The Muslim Brotherhood, Egypt’s largest unsanctioned political organisation, announced today that it would set up a political party if existing restrictions are lifted. The Muslim Brotherhood has been banned in Egypt for over a half-century. In 2007, just to make sure, Egyptian President Hosni Mubarak ammended the constitution to stipulate that no political party could be based on religion. The FT reports:
Rashad Bayoumi, the Brotherhood’s deputy leader, told the Financial Times that the envisioned party would have Islam as its frame of reference, but it “would not be a religious party”.
“We do not have the concept of a religious party, or of a government of religious scholars [like in Iran],” said Mr Bayoumi. “All this is very far from Islam. We say that when we differ over anything we should refer to the Koran. But if matters stray away from the principles of mercy, freedom and social justice, then this would be against religion.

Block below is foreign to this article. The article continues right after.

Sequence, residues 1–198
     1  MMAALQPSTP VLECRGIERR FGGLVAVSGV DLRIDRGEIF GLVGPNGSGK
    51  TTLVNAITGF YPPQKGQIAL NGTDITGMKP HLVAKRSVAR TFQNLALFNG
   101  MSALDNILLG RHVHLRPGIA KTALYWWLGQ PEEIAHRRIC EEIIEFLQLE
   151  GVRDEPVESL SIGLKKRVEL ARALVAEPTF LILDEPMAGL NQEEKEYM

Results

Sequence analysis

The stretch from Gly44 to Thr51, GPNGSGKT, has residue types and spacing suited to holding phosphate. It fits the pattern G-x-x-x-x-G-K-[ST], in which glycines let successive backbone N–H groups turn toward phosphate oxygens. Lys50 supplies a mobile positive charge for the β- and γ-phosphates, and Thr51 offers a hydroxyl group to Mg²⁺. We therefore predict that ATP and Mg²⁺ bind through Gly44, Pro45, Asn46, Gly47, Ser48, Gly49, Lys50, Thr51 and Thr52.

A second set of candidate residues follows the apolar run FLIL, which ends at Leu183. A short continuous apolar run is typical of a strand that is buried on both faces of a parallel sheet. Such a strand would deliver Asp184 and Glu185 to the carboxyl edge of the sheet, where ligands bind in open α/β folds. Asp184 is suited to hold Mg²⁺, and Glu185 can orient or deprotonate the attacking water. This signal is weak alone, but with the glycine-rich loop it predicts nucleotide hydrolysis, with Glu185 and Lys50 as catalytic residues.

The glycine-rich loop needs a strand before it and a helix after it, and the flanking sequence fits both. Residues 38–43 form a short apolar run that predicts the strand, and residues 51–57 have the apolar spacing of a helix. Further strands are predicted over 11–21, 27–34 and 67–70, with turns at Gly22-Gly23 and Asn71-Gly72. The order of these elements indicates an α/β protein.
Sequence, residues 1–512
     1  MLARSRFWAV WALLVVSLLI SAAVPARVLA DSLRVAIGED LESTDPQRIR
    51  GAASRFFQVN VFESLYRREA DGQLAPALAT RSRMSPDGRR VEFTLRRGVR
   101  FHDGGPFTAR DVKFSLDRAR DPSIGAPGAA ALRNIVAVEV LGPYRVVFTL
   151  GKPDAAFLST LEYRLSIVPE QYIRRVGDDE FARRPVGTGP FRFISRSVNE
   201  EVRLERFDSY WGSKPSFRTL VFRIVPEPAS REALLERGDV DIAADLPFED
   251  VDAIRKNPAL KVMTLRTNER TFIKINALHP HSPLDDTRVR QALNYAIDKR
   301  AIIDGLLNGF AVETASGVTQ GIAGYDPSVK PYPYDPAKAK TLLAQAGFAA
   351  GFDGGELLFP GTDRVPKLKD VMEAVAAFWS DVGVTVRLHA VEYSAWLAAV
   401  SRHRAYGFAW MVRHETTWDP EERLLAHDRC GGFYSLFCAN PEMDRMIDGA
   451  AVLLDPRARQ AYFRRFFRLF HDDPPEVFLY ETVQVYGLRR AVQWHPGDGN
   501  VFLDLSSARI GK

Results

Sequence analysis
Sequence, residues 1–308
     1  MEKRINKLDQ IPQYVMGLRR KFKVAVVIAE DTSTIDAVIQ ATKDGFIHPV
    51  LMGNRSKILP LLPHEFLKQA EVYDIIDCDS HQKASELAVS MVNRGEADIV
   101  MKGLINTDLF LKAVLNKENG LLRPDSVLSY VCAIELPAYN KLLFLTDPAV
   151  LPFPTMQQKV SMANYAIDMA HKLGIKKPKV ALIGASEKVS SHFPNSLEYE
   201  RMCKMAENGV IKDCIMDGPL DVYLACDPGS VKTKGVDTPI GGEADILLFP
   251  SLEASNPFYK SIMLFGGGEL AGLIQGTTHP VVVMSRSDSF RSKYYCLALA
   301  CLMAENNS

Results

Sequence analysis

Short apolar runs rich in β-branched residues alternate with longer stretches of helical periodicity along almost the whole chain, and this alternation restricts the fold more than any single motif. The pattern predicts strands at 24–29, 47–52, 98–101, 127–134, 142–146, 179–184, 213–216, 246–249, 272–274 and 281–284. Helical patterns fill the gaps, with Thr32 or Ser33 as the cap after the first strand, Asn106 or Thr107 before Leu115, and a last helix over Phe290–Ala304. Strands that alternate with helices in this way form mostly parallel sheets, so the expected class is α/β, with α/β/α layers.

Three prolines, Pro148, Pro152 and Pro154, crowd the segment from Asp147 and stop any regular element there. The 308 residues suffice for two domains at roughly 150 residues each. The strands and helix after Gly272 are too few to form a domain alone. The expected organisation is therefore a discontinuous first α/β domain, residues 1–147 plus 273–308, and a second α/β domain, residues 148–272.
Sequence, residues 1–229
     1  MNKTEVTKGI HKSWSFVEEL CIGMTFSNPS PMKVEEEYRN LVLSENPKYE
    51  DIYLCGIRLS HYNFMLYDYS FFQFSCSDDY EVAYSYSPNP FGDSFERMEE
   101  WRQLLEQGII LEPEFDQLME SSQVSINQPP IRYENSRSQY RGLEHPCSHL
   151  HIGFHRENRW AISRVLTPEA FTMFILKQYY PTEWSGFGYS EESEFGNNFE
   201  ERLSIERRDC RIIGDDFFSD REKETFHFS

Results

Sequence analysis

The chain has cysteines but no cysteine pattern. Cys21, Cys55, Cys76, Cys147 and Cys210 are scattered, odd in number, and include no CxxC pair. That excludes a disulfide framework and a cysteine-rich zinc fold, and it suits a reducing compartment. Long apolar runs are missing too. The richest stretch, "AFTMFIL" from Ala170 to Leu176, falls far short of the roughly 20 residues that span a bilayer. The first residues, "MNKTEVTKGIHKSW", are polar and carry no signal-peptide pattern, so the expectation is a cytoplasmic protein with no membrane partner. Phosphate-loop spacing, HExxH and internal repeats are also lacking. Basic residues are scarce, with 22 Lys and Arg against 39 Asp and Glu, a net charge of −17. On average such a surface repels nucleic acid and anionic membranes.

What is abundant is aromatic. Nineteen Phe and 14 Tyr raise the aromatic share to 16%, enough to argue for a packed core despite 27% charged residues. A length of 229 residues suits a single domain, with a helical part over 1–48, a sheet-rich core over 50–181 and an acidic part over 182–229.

“A healthy society should have civilian rule, multipartyism and the alternance of power.”
The Brotherhood, however, has made clear in two recent statements that it will not field its own candidate for the presidency. In an attempt to assuage fears that in a more democratic system it would get a head-start over more secular parties, which are disorganized and discredited, it has also said that it would not attempt to gain a majority in parliamentary elections.
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